Today HM Treasury published a consultation document covering the regulation of crypto-assets. Andrew Griffith, Economic Secretary to the Treasury, previously outlined the approach in a Parliamentary hearing. Based on those statements, he does not expect regulation from this consultation to be passed in 2023.
The UK considers security tokens as already regulated, stablecoin legislation has been tabled as part of the Financial Services and Markets Bill (FSM), and rules for crypto asset promotions are in the works. This consultation is around other crypto-asset legislation, excluding non-financial assets such as collectibles (or NFTs).
The government is keen to promote its support of innovation. “Risk taking is a desirable part of the cycle of innovation and we wish to manage, not stifle, this,” said Griffith in the Foreword to the consultation. At the same time, it is adopting the approach of “same risk, same rules” and wants to make sure that any regulation is sufficiently agile given the nascent state of the cryptocurrency sector.
“The government’s view is that the technology underpinning this innovation could bring a number of benefits, and with appropriate regulation and safeguards, certain cryptoassets and associated activities can offer significant new financial services opportunities for users,” the report states.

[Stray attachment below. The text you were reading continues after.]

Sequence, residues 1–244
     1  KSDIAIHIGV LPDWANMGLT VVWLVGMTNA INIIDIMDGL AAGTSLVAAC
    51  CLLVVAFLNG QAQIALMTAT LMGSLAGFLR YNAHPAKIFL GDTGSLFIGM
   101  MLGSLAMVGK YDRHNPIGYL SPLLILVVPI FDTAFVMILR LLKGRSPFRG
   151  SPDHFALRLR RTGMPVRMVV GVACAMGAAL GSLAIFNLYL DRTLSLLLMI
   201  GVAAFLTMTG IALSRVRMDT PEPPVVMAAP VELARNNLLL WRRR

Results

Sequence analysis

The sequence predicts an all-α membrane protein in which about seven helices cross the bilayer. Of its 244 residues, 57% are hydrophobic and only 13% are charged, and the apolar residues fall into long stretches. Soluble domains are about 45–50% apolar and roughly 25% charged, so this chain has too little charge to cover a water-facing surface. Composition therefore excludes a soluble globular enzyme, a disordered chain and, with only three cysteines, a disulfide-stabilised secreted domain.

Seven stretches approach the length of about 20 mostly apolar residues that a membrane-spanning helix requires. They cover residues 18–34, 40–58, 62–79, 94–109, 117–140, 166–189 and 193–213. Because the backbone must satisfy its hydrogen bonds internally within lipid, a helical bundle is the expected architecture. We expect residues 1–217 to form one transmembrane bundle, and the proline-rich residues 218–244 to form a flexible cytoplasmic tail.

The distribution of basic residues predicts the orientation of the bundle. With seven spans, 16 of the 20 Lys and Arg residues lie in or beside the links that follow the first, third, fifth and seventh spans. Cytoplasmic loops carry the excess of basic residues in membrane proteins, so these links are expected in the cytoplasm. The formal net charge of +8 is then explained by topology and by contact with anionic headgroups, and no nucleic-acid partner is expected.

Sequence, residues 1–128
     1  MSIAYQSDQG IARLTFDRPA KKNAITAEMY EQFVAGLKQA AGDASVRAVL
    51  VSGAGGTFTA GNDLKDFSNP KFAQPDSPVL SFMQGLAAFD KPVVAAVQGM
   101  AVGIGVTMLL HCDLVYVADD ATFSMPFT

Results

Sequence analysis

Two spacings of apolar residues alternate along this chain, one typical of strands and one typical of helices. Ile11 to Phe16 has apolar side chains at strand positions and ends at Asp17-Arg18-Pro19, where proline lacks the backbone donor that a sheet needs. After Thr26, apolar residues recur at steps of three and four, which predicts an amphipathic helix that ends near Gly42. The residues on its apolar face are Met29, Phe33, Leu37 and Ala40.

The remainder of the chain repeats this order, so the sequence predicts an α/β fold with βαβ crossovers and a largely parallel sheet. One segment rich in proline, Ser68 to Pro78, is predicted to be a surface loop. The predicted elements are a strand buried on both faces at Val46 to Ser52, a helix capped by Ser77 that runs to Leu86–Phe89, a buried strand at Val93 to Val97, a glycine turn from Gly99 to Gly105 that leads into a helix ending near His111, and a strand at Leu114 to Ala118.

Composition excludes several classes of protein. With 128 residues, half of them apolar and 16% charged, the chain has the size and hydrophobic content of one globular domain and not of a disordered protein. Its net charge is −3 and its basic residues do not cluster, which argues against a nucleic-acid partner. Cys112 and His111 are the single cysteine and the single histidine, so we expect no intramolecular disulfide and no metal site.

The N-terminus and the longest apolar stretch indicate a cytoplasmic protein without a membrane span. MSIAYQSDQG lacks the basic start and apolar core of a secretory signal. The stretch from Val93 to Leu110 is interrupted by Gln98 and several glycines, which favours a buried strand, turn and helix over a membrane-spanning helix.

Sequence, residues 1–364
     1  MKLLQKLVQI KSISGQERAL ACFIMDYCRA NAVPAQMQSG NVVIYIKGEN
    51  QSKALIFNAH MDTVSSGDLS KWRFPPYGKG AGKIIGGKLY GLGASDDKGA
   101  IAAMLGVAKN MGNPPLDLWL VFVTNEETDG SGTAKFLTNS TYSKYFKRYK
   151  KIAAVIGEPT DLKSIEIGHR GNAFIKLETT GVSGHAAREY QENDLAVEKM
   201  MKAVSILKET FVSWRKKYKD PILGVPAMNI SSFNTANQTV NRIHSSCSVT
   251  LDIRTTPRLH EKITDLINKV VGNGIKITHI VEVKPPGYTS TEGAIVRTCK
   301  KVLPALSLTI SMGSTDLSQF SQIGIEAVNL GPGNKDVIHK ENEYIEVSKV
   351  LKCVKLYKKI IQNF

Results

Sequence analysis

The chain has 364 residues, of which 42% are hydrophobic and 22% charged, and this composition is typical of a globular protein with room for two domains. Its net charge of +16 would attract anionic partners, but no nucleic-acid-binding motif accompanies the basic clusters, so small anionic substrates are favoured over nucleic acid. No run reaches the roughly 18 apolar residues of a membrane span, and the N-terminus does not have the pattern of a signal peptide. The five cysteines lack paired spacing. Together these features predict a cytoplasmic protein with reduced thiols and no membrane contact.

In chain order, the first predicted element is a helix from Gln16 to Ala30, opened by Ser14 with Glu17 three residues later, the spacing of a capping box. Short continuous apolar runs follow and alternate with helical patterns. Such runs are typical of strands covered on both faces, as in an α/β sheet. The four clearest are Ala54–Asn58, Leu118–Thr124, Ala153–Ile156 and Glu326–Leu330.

Specifically, the proposed crypto-asset regulation aims to regulate crypto providers based in the UK or targeting UK clients. It may allow exceptions such as if a UK resident voluntarily transacts with an overseas provider without receiving any UK promotions.
The first phase of regulation is the stablecoin legislation included in the Financial Services and Markets Bill. The second phase is the focus of this consultation which will cover the following:
- public offers of crypto tokens
- trading venues (but not post trade, yet)
- crypto dealing and broking
- lending and borrowing
Future regulatory phases may cover topics such as:
- crypto advice
- managing crypto asset investments
- running validator nodes and staking.
One gray area is decentralized finance (DeFi). Addressing the DeFi topic, the document states that its regulatory approach in the current phase “should apply to cryptoasset activities regardless of the underlying technology, infrastructure, or governance mechanisms. However, due to the challenges outlined above, including the rapidly evolving nature of the sector, the way this is achieved may well differ and take longer to clarify.”
The intention is to apply regulations to those that have significant control or influence over DeFi protocols.
“As the voice of the UK’s crypto sector we welcome this positive step towards greater regulatory clarity,” said Ian Taylor, Board Advisor of CryptoUK. “Given the provisions within the proposed legislation, consultation with the industry could not be more critical.”